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Soy and latifundia, against the peasantry

Soy and latifundia, against the peasantry

By Federico Larsen

Chokokue is a word in Guaraní that means peasant, or farmer, and it is the name of the report published a few days ago by the Paraguayan Human Rights Coordinator (Codehupy) about the murders of peasants committed in that country in the last 24 years. The work takes as the starting date of the investigation on February 3, 1989, the day that General Andrés Rodríguez led a coup that removed the dictator Alfredo Stroessner after 35 years of government. It is from there that the so-called Democratic Transition begins, a period that, according to several analysts, is still under development. The Codehupy pointed out in its report that since the fall of the dictator until August 2013, 115 peasants were killed by security forces or hitmen commanded by large landowners in order to intimidate the struggle for land. A fact that researchers directly link to the advance of agribusiness and the concentration of land produced during the Democratic Transition.

Paraguay has a very high land concentration index. According to official data, 2.6% of the owners have 85% of the arable land in the country. A process that in the last two decades has been accentuated. Between 1991 and 2008, farms smaller than 100 hectares in extension decreased by 15%, while the largest ones increased by 43%, occupying 30,107,408 cultivable hectares in the country. Added to this is the phenomenon of uninhabited lands, fields that had to be used for agrarian reform and ended up in the hands of supporters of the Stroenist dictatorship or friends of high authorities of the Paraguayan state. Between 1954 and 2003, 7,800,000 hectares of land were fraudulently adjudicated.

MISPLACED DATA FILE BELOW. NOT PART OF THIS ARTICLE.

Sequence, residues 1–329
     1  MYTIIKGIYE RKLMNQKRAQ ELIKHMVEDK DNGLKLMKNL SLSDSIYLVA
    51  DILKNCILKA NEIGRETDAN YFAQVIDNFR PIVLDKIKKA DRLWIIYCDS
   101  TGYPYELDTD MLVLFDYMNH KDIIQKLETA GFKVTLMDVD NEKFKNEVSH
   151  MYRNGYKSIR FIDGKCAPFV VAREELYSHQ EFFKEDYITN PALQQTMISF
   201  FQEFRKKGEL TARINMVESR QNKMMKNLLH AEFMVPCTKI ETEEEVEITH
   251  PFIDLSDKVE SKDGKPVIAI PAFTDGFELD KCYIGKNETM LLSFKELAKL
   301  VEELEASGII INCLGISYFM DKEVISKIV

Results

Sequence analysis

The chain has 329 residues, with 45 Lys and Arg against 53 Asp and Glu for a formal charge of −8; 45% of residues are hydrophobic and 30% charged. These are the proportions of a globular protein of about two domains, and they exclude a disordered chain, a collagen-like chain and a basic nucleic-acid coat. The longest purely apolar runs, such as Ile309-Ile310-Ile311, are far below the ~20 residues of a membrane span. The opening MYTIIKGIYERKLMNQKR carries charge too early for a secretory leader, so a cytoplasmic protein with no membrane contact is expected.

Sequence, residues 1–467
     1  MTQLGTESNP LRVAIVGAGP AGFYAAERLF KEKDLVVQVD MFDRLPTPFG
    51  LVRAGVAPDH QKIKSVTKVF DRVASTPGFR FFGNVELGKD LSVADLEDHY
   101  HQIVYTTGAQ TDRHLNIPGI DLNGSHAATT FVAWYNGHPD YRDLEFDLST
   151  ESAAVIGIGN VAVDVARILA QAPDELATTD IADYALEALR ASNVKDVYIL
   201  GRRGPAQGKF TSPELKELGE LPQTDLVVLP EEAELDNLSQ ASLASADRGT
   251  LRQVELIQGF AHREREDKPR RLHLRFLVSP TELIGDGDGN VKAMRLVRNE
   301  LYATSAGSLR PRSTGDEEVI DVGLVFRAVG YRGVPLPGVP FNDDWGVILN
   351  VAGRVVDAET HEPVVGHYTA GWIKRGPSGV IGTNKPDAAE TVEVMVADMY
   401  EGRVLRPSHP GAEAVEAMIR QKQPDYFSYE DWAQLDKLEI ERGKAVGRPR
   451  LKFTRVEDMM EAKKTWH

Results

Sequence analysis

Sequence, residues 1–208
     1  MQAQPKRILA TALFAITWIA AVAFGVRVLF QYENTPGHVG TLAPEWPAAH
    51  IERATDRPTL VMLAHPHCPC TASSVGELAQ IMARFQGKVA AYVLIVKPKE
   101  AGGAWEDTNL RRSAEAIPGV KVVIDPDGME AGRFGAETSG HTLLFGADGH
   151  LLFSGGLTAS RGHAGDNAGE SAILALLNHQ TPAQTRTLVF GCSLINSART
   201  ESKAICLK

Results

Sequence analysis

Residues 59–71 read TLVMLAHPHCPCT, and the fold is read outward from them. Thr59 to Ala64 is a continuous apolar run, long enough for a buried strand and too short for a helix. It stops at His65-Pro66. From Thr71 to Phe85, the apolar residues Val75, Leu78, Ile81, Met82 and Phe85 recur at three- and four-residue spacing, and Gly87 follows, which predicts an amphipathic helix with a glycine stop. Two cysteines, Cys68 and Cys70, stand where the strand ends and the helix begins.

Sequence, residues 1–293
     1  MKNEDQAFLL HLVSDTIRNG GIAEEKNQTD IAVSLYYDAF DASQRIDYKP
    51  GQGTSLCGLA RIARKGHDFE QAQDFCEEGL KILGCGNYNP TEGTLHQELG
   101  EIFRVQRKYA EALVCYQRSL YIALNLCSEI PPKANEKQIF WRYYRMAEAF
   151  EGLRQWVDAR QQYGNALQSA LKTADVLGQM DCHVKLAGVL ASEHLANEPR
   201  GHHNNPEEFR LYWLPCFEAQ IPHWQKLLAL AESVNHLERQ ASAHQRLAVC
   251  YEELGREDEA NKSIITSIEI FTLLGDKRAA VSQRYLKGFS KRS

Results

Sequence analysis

“In this context of high concentration of land, of a large amount of ill-habited lands, of a pending debt of the democratic transition that is the agrarian reform, the various acts of abuse and violence against the peasants occur in response to the claims that the movements have been doing for a long time ”, explained Enrique Gauto, executive secretary of Codehupy. “They are demands that go through an agrarian reform that includes the recovery of ill-occupied lands and the improvement of the living conditions of peasant communities. It is important to point out that the agrarian reform in our country has constitutional status. " In her work, the coordinator compiled each of the 115 cases detected, including reconstructions of the murders, and documents that prove their connection with historical sectors of power. "There is clearly a plan promoted by landowners, sectors of political and economic power to progressively displace the peasant population from their lands and increasingly take over the peasant territory," explained Gauto. “These sectors see the land as a highly profitable capital and they have no qualms about advancing in this execution plan. The Judicial Power and the Public Ministry do not adequately investigate these facts, much less a conviction of the moral authors. There is a tacit pact of complicity between the Public Ministry, the Judiciary and sectors of high economic and political power ”. The objective is then to behead the peasant movements, eliminate their leaders or main references to demobilize and generate fear. "We have been able to verify the fear that remains installed in the communities where these murders took place and the difficulty in finding people who can assume the role of the leaders who were executed," said the head of the Coordinator.